The Oregon Court of Appeals recently decided another case that underscores the importance of the nexus prong of a takings claim.
In Jed Brown v. City of Medford, the court found unconstitutional the City of Medford’s attempted street right-of-way exaction in a two-lot partition. The property at issue abutted Finley Lane to the north and a partially dedicated and platted, but unbuilt Brady Way to the south.
The applicant proposed to take all access for both parcels from Finley Lane. Even so, the City approved the partition conditioned on the applicant dedicating the remaining right-of-way for the full build-out of Brady Way to the south.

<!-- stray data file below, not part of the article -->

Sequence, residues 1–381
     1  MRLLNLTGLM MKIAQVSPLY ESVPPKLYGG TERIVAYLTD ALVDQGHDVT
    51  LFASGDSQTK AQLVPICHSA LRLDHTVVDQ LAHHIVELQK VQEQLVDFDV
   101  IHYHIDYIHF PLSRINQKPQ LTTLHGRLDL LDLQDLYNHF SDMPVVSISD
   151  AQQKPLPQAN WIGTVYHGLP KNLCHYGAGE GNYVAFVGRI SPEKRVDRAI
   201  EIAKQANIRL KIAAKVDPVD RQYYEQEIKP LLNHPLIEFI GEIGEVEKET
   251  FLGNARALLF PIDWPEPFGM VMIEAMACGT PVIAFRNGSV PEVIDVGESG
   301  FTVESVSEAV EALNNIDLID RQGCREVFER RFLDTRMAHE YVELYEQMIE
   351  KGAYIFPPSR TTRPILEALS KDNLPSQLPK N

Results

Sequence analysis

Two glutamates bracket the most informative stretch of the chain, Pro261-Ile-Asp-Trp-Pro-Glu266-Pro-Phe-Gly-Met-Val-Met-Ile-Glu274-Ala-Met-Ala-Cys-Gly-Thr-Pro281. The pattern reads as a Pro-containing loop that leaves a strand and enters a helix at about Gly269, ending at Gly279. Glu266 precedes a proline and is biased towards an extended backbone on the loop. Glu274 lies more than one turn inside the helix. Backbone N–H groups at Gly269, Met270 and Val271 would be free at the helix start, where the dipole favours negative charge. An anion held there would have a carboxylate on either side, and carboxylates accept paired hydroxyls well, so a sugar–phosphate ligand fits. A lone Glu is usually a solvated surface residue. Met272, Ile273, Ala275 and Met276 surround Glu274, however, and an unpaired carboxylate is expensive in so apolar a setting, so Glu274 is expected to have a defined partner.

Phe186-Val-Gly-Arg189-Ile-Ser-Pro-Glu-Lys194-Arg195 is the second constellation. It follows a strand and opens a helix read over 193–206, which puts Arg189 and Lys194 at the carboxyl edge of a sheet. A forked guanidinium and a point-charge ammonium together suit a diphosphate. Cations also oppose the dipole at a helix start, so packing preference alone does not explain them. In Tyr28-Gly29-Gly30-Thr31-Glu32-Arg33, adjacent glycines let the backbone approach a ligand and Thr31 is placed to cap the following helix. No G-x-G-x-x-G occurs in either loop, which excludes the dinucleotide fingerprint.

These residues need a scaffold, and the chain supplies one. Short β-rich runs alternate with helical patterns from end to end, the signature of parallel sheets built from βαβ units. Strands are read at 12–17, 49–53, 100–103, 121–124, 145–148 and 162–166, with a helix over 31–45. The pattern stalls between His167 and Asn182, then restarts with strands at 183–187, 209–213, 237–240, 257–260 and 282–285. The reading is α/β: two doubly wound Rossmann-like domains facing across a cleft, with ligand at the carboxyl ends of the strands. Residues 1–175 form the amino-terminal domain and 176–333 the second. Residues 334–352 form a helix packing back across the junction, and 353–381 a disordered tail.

Both the trial court and the court of appeals had no problem finding that the City had failed to articulate an essential nexus between the partition and the need for the Brady Way street dedication. In particular, the court of appeals stated that it’s not good enough for the City to offer up a generalized state interest for the exaction. That does not satisfy the “essential nexus” prong of a takings inquiry. What does satisfy that prong is a demonstration by the public entity that the imposed exaction substantially advances the same interest that the entity could use to deny the permit altogether in the exaction’s absence.
In this case, then, the City needed to show what legitimate state interests would allow it to deny the partition application, and then how the street exaction would serve those interests. Failing that, the exaction was found to be unconstitutional.